Brian Conklin, right, a regional director for President Obama's… (Ross D. Franklin / Associated…)
Latino voters’ interest in the election has begun to rise, but still lags behind the levels of four years ago, according to a new survey which offers mixed news for President Obama’s reelection campaign.
Latinos, who are expected to be a critical vote in the November election, have much more favorable views of Obama than of Republican challenger Mitt Romney. By large majorities, they say they identify with Obama’s background and values, according to the latest NBC/Telemundo-Wall Street Journal poll. Asked which candidate they would vote for if the election were held now, Latinos sided with Obama 67% to 23%.
But by comparison with the rest of the electorate, their interest in the election — an indicator of whether a person is likely to vote — is significantly lower. Asked to rate their interest on a 10-point scale, 49% of Latino voters put themselves in the top category. That’s up six points from last month, but still considerably below the 59% who reported that level of interest four years ago. It’s also significantly lower than the 62% of the overall electorate who put themselves in that category in the last NBC-Journal poll.
A quarter of the Latinos surveyed said they did not vote in 2008, and almost half said they did not vote in the 2010 midterm election. For the overall electorate, 12% said they did not vote in 2008 and about one-third said they did not vote in 2010.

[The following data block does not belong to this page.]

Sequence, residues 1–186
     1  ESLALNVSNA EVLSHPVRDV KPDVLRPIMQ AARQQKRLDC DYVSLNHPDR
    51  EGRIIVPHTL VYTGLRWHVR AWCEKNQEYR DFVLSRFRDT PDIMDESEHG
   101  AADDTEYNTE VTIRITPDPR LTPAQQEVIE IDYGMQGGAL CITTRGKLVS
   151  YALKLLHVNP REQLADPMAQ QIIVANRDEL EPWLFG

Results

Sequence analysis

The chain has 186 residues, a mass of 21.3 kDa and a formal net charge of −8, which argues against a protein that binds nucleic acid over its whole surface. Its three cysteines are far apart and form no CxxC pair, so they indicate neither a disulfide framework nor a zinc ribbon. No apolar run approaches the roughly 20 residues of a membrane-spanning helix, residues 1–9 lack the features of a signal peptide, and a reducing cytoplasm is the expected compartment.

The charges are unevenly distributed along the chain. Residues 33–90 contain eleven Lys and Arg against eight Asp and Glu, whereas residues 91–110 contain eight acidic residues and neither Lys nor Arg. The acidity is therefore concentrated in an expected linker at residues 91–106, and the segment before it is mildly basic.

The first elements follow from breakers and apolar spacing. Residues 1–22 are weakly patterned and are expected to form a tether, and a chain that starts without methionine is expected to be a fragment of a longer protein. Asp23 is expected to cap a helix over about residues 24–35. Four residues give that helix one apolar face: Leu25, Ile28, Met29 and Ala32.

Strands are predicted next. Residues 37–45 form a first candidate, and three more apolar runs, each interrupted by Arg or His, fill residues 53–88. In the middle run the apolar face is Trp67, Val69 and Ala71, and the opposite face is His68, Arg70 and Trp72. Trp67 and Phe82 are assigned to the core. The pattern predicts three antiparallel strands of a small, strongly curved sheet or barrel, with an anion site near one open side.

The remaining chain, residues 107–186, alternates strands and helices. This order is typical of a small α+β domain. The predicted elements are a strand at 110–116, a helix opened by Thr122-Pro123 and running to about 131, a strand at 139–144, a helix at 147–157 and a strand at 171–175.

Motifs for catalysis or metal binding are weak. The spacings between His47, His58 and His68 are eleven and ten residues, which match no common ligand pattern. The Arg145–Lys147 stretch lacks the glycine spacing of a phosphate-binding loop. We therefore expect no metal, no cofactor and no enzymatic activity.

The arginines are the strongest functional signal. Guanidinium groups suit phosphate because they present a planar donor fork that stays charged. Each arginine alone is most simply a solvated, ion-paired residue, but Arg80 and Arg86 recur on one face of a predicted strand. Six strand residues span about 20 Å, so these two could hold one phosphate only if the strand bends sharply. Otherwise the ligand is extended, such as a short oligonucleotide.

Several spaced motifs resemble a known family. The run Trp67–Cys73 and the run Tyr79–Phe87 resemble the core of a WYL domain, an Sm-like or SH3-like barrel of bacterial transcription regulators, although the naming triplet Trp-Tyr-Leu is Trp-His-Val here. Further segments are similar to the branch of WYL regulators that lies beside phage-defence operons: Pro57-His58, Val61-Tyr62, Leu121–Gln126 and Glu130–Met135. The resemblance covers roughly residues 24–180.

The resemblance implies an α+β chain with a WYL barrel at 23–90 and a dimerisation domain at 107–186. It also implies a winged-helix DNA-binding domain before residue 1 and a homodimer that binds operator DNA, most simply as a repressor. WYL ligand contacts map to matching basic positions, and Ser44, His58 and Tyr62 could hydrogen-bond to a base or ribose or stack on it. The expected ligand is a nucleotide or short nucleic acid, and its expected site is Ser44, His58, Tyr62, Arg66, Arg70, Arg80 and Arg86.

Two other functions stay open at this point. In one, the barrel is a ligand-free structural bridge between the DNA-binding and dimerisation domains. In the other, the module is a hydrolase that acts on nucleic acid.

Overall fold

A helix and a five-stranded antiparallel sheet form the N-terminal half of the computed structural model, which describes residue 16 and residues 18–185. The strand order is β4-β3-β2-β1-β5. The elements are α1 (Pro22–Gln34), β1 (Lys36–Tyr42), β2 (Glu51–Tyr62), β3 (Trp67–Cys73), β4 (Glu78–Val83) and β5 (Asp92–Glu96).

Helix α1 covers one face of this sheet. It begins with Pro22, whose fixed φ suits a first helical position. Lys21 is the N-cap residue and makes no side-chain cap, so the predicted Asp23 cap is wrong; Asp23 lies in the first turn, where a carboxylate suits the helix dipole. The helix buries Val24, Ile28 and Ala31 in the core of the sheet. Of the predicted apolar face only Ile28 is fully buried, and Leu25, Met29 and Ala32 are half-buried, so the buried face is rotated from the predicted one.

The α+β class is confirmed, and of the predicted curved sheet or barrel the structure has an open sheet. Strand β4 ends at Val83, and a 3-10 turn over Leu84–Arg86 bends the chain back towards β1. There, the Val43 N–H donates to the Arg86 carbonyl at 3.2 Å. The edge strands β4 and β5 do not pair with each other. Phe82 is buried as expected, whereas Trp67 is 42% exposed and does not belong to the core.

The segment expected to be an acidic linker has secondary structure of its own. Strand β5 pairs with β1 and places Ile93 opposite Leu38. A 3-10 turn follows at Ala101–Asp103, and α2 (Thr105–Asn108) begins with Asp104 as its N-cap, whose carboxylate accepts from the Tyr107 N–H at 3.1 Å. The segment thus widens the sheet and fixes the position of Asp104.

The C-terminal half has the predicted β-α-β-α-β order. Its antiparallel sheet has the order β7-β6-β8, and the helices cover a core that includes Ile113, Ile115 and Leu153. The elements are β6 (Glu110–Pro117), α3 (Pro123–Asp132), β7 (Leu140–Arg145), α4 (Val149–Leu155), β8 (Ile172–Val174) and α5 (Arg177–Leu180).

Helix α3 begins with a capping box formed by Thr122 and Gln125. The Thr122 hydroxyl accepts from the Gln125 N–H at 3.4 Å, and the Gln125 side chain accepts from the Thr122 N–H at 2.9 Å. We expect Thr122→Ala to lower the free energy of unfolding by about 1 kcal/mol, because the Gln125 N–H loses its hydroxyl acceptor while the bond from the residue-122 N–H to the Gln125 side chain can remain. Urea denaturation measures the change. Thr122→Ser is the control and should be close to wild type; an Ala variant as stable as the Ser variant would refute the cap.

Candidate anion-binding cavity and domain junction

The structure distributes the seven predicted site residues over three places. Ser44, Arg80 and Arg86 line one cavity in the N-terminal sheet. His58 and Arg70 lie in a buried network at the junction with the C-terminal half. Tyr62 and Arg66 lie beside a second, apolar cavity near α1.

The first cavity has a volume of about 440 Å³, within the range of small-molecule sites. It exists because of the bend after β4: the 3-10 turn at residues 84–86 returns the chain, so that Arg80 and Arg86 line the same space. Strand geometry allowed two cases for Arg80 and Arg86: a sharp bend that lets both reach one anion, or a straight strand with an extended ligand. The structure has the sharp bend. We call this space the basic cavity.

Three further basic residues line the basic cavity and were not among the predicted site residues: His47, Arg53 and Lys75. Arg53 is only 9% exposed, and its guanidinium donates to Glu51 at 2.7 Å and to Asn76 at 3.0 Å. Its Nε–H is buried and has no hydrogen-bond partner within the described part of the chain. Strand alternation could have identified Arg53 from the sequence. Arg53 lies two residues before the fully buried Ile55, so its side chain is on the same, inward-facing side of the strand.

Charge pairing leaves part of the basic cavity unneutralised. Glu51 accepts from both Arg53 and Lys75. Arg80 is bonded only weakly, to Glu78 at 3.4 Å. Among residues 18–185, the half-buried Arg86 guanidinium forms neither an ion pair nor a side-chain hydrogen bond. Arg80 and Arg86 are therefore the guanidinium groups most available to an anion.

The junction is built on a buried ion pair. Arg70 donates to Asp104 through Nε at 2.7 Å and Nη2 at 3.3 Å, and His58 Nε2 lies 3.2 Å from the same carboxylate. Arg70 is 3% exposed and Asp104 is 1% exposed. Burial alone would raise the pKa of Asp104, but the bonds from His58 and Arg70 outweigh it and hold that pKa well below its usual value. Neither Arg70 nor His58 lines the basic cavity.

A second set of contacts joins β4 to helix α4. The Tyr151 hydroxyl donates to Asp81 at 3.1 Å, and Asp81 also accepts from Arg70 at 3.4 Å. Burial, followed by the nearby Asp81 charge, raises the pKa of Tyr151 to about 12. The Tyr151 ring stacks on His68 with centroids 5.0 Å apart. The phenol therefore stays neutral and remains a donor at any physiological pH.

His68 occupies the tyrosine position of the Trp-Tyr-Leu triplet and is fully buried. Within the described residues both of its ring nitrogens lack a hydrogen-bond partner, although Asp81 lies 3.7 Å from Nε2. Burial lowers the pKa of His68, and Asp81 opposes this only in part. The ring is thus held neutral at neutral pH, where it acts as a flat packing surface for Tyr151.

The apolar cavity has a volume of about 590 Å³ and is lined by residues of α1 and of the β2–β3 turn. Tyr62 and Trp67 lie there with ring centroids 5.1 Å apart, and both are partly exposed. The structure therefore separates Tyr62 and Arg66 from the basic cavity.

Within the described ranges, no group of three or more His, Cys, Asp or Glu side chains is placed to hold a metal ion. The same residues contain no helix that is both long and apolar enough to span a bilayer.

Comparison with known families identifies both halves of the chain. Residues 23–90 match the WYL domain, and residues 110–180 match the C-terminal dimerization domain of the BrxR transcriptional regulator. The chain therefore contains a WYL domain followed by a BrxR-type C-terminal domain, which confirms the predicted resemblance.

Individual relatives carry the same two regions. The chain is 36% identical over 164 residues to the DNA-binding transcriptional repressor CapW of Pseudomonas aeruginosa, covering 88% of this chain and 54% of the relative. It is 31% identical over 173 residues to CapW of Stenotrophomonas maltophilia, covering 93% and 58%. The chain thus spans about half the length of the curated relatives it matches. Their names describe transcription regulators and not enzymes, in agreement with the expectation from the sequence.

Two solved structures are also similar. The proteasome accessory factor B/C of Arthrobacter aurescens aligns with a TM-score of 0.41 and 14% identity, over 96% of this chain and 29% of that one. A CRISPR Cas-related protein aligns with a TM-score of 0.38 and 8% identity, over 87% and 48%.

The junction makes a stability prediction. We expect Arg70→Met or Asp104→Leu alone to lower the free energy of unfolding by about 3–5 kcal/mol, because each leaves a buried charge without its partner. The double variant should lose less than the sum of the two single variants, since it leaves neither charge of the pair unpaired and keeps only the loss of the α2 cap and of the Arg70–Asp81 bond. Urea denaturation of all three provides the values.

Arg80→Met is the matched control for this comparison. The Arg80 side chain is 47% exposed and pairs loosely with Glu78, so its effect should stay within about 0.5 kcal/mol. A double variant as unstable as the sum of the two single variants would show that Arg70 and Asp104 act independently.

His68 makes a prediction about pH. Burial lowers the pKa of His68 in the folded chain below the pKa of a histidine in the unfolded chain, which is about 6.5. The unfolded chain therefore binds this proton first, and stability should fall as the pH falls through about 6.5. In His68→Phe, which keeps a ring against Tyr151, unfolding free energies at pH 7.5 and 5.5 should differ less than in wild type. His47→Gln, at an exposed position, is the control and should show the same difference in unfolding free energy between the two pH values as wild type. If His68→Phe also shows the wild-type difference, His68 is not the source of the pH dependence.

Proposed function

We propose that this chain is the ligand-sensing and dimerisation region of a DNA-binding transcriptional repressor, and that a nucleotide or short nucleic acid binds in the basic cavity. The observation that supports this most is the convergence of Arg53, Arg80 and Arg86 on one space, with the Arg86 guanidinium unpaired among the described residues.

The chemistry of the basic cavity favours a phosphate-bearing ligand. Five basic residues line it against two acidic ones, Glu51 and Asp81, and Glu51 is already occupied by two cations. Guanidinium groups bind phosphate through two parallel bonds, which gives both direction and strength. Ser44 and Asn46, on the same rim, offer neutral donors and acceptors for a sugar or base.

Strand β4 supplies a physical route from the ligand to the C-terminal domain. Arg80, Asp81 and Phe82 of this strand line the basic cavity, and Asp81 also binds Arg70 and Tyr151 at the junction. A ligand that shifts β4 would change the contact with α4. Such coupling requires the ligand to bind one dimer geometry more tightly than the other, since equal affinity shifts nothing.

The numbers underscore the main challenge for the Obama campaign regarding Latino voters — motivating turnout. To win key swing states, particularly Colorado and Nevada, Obama needs Latinos to vote in large numbers as they did four years ago.
The Romney campaign faces a far more basic challenge: Large numbers of Latino voters don’t like him and don’t identify with his background and values.
Only 7% of Latinos surveyed said they had “very positive” feelings toward Romney, and overall 22% gave him a favorable rating compared with 42% who said their feeling toward him was unfavorable. By contrast, Obama’s favorability was 64% to 21% unfavorable, with 41% of Latinos saying they felt “very positive” feelings toward him. Romney shares his lack of popularity among Latinos with his party. Obama, by contrast, is somewhat more popular than the Democrats.
Asked if they identified with the candidate’s “background and set of values,” Latinos said yes about Obama by a 2-1 margin. But by an equally large margin, they said no about Romney.
The poll, an oversample of 300 Latino registered voters, has a margin of error of plus or minus 5.7 percentage points. The overall NBC/Wall Street Journal poll has a margin of error of plus or minus 3.1 points.
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